Why Do Lemurs Get High?


Lemurs are known to seek the intoxicating euphoria of the noxious millipede. While the natural drug seems like a good time, the lemurs’ primary purpose for it is not for getting inebriated but to ward off insects.

Intoxicating Euphoria

The intoxication and euphoria experienced by drugs is a state not only craved in the human world, the animal kingdom is getting in on the action as well although they seem to have an easier time embarking on this harmful habit. That’s probably because their poison comes in a more natural form as demonstrated by a BBC Earth documentary showing how Lemurs seek out noxious millipedes.

Why Do Lemurs Get High?

Millipedes, a type of insect that can have up to 750 legs, while not deadly, are toxic with some species possessing glands that can secrete fluid able to cause irritation and allergic reactions in mammals. The inbuilt defense mechanism kicks in after the millipedes curl into a ball, after which it can even spray out cyanide while the hydrochloric acid in them can cause skin burns, in order to ward off potential predators.

This seems to be worth the risk for black lemurs, however, a type of monkey that can be found in the northwest of the island of Madagascar. While called black lemurs, only the males are black while the females are a grey and light complexion.

Black lemurs typically survive on a diet of fruit, making up 78 percent of its diet, although choosy, opting for ripest fruits. It also eats flowers, fauna and fungi and on occasion, it will chow down on insects and nectar.

Lemurs Are Endangered Species

Why Do Lemurs Get High?

They are also an endangered species and have come up with their own defense mechanism by enthusiastically seeking out the dangerous millipedes in their forest habitats, eagerly grabbing at any one within reach.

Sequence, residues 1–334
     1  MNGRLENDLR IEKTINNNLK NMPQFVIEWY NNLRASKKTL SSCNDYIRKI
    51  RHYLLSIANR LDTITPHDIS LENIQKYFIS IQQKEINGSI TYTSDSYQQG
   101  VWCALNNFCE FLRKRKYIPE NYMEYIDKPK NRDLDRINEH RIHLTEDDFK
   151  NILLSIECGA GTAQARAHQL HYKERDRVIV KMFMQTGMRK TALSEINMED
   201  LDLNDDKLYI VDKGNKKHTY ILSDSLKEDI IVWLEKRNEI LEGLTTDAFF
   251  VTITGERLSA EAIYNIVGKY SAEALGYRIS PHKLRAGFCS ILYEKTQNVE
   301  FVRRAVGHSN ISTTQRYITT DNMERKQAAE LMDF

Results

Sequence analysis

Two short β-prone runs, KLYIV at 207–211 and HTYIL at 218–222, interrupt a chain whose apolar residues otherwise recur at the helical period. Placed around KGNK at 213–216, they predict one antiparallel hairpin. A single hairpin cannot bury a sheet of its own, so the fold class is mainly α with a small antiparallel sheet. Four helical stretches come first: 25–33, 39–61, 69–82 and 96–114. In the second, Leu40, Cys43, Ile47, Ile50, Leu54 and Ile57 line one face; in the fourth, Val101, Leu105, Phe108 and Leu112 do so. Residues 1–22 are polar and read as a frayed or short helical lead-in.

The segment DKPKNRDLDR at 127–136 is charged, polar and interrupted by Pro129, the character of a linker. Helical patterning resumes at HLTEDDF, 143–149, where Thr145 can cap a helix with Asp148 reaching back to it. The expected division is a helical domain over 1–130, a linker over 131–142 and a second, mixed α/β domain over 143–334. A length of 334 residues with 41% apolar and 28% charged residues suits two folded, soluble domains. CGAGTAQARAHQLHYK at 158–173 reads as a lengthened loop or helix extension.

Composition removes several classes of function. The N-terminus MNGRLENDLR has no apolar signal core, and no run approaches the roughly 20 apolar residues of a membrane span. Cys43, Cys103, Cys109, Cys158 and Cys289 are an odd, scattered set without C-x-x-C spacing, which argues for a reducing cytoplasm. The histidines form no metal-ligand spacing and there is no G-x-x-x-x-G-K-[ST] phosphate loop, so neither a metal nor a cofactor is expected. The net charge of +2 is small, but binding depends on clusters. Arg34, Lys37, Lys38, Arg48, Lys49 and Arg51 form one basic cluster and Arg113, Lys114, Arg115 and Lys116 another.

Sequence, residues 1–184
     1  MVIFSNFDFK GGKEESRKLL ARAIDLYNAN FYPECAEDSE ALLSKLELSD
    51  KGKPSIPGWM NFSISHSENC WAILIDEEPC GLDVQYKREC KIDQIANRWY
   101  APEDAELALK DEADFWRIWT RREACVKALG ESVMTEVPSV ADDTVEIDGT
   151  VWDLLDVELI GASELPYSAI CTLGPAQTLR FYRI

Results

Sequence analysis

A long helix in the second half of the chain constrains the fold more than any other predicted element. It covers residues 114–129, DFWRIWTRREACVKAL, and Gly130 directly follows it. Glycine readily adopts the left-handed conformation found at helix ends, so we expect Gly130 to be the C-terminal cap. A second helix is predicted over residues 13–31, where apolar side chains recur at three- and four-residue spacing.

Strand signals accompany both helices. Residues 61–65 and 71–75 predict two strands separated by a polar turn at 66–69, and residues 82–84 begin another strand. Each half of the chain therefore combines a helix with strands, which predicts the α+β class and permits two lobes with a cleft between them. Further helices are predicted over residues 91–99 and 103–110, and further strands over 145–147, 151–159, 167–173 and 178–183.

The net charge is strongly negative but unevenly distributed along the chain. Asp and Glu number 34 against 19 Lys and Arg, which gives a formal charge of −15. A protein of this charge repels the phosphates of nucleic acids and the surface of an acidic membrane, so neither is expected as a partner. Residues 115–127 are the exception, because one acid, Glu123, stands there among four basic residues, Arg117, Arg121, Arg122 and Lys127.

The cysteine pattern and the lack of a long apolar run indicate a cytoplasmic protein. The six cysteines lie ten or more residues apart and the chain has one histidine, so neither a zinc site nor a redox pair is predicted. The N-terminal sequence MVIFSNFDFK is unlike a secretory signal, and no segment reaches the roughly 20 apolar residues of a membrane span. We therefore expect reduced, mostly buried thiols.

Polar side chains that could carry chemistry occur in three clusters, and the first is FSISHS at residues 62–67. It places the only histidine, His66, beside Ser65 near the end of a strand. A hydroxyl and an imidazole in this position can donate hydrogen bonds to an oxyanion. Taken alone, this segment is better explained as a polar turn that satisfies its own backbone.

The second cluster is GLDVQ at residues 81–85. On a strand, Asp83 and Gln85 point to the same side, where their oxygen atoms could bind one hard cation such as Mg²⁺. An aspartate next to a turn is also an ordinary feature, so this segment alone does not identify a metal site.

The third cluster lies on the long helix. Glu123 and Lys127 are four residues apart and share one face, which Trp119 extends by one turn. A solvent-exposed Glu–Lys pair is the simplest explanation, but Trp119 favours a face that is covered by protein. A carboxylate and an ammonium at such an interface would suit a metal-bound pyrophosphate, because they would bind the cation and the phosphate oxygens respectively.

Taking hold of its prey, the mammals that roam the island in the east Indian ocean and some surrounding islands will cautiously nibble on the arthropods, much to the leggy insects’ irritation. Stopping short of eating them whole, the effects the insects have on the primates are fascinating.

The toxins ejected by the millipedes’ cause the lemurs to start salivating. While the natural drug seems like a good time, the lemurs’ primary purpose for it is not for getting inebriated but to ward off insects. They rub the saliva they produce, dripping uncontrollably fro their mouths, along with the millipede, into their fur and all over their body, including their tail, anal area, and genitals.

In particular, the tactic is crucial in warding off mosquitoes that may carry malaria, which could prove fatal for the imperiled species.

Self-Anointing Lemurs Have A Lot Of Fun

Why Do Lemurs Get High?

Suspiciously, though, the lemurs seem to have a lot of fun engaging in the process known as self-anointing. That’s because the chemicals from the millipede don’t just act as an insect repellent but they put the lemurs into a trance-like state. In other words the lemurs become completely high. As well as drooling, the small monkeys’ eyes dilate and they appear googly-eyed.

The sensation appears addictive and the blissful effects take them to a peak of utter intoxication before they come down. All that can be done after that is to sleep off the aftermath.

Other lemurs such as the red-bellied lemurs, as well as other primates, have been known to use insects in a similar manner.

The millipede, as well survives this ordeal, having served a dual purpose of anointing against potential disease while also acting as a narcotic. In fact, it recovers much quicker than the lemur, often discarded after its use, and becomes available for the next lemur’s drug session should it not be able to use those legs to get away quick enough.

Lemur Drug Habits Have Benefits That Outweigh The Risk

Why Do Lemurs Get High?

Like any drug habit, the impact of a millipede addiction could well be harmful to the lemurs but the potential benefit of the insect repellant against life-threatening malaria is thought to outweigh the risks.

The jury is still out as to whether these lemurs deliberately seek out the millipedes for the intoxifying effects or if its just a side effect to life-saving medication.

Either way, the fix is a nice little bonus for these stoners and who can blame the furry creatures.